TE Seals-Jones emerges as big option for Gabbert, Cardinals
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- Rams top Chiefs 54-51 in epic shootout
- Titans QB Mariota suffered 'stinger'
- Dolphins QB Tannehill making progress
- Jets QB Darnold sits out practice
By BOB BAUM
Now, with both thrust into significant roles, Gabbert has found Seals-Jones as a favorite target. In the two games since Gabbert became the starter, Seals-Jones has caught seven passes for 126 yards and three touchdowns.
"I think just the reps throughout the season when we were on scout team, going back to, really, training camp, getting reps with him, both trying to learn the system," Gabbert said. "Then being on scout team the first eight, nine weeks of the season, just doing our best to emulate our offense, use our verbiage when we were doing that. He's always been a great football player. Just seeing him translate the last two weeks in big-time games, it has been a lot of fun to watch."
Seals-Jones wasn't around to talk about his achievements when the Cardinals resumed practice on Wednesday, preparing for Sunday's home game against the NFC West-leading Los Angeles Rams. He'd returned to his Texas home for the birth of his child.
Seals-Jones, 6-foot-5 and 243 pounds, was a wide receiver at Texas A&M and went undrafted. His cousin, none other than Hall of Fame running back Eric Dickerson, has said he was pushing Seals-Jones to move to tight end, where he would succeed as a pro.
After an offseason with Arizona, and lots of scout team work, Seals-Jones' offensive talents are blossoming.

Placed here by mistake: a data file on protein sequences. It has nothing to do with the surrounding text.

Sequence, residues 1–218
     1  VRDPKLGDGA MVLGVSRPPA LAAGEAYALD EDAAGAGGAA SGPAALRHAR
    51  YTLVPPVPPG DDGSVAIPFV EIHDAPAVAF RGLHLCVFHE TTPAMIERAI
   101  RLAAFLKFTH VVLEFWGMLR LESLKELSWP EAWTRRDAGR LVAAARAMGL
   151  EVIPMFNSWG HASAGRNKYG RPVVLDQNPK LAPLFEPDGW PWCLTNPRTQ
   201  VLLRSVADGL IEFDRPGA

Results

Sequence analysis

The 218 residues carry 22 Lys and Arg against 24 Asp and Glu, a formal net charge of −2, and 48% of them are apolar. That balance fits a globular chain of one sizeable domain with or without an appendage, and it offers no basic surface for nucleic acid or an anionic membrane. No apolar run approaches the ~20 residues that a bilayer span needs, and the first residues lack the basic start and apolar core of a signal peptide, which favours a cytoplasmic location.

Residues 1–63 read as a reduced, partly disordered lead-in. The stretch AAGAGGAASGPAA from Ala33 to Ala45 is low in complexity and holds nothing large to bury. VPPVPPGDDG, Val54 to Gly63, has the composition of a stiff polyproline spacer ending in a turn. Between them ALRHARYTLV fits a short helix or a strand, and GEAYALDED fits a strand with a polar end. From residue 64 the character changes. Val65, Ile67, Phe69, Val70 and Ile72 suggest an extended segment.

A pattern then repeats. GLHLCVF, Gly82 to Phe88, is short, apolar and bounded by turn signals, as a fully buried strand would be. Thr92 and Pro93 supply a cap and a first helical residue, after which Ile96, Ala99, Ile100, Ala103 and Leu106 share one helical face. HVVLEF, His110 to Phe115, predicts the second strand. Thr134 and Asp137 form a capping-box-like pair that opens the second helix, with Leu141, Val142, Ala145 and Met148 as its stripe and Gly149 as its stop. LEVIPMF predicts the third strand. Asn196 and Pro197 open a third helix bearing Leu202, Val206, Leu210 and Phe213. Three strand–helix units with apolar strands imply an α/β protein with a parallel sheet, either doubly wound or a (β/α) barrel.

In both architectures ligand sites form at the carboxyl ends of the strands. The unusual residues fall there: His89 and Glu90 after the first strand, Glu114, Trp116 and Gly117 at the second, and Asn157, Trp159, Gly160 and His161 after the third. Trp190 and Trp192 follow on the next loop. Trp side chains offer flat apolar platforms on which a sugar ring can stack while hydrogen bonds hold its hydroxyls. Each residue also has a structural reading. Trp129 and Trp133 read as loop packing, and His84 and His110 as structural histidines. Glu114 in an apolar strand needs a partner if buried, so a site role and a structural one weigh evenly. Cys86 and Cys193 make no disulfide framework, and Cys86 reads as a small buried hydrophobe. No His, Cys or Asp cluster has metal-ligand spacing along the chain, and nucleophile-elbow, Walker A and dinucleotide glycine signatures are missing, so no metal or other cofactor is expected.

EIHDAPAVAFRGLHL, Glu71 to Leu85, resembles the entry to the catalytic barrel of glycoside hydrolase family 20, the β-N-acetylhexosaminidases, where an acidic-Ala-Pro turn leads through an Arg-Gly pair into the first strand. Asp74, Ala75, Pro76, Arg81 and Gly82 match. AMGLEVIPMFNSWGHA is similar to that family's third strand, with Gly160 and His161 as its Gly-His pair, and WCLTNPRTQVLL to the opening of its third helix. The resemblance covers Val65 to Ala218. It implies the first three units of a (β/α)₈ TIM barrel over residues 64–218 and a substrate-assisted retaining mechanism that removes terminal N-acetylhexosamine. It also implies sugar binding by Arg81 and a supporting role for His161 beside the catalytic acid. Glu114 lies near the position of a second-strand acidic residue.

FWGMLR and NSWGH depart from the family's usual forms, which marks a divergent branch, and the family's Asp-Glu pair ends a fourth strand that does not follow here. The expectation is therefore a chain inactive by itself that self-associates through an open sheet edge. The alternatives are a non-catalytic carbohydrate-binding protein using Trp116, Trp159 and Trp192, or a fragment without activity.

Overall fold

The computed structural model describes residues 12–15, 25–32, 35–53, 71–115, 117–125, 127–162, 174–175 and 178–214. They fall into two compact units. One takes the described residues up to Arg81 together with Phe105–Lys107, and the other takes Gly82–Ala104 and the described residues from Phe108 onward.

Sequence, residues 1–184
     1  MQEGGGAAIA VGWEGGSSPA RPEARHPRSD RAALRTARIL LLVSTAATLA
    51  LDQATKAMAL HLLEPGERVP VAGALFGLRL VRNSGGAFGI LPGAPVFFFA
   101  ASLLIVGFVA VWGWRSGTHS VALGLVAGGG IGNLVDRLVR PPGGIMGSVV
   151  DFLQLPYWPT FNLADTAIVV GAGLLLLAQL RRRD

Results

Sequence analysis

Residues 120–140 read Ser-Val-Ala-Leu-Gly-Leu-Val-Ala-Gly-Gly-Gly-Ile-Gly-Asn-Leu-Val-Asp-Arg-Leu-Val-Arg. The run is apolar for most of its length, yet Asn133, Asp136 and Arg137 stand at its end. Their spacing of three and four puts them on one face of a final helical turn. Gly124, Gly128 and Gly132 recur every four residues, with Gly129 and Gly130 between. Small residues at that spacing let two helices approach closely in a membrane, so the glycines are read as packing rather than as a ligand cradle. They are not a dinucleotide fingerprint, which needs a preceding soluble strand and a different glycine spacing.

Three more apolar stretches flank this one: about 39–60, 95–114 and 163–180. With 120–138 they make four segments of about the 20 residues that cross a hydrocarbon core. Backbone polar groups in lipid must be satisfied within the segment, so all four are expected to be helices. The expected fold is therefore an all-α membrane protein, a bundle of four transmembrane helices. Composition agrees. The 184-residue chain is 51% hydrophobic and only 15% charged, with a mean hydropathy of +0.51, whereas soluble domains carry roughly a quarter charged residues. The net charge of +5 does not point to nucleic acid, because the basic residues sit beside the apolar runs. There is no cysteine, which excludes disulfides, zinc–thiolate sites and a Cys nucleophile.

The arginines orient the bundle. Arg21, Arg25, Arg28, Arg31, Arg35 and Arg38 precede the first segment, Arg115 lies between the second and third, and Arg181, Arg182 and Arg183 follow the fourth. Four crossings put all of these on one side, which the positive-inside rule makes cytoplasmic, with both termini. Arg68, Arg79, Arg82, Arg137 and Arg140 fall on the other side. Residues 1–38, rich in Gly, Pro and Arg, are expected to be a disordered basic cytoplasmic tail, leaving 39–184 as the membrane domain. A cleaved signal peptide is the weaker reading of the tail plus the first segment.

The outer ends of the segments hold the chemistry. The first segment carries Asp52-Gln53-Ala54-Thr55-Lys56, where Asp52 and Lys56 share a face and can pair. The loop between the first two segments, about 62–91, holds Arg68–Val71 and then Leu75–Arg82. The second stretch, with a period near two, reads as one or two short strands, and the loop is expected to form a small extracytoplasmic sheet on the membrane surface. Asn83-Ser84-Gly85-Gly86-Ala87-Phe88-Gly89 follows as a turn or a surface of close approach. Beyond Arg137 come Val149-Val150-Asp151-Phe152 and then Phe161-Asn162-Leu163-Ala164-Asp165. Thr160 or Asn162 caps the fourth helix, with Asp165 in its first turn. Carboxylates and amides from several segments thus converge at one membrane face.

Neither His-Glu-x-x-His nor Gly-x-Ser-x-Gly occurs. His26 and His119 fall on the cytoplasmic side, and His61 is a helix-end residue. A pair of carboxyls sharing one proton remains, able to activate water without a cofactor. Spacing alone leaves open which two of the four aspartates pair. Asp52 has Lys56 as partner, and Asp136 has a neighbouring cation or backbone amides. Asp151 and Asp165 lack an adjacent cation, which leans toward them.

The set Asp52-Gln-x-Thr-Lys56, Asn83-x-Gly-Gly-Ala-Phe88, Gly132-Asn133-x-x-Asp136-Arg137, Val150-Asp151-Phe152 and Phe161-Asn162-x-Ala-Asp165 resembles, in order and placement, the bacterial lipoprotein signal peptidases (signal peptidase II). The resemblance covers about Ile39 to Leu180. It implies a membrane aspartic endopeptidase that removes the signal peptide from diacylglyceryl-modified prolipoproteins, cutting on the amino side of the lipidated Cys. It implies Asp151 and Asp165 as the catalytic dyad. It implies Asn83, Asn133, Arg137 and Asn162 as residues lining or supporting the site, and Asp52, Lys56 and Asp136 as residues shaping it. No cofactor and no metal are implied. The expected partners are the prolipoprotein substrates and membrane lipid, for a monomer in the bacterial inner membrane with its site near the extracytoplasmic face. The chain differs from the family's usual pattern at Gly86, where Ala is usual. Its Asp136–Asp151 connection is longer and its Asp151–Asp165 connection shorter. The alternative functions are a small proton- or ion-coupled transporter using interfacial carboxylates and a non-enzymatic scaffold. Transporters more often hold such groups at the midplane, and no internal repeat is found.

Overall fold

"He's a great football player," Gabbert said. "He's big; he's athletic; he catches the ball, sticks his foot in the ground and creates separation. It's what you want in a tight end, because most linebackers and safeties in the league don't want to cover a guy like that."
It wasn't easy, learning a new position as well as a whole new offensive system, and he began the season on the practice squad. Still, Arians said he took notice of Seals-Jones' potential.
"Once we got him in minicamp, rookie minicamp, he just had to learn how to play tight end. He'd never played it before," coach Bruce Arians said. "Usually those guys, if it's a basketball player or a receiver who's gotten bigger, they don't really like sticking their face on 280-pound guys. He is not the least bit afraid to do that, and as he gets stronger and bigger, he'll get better at it."
The Cardinals also sometimes use Seals-Jones as a wideout.
"You see the mismatches he creates," general manager Steve Keim said on his regular Monday radio appearance. "The fact that he can play in line, line up in the slot and move all over the field."
Notes: RB Adrian Peterson (neck) was one of several Cardinals who did not practice.
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Updated November 29, 2017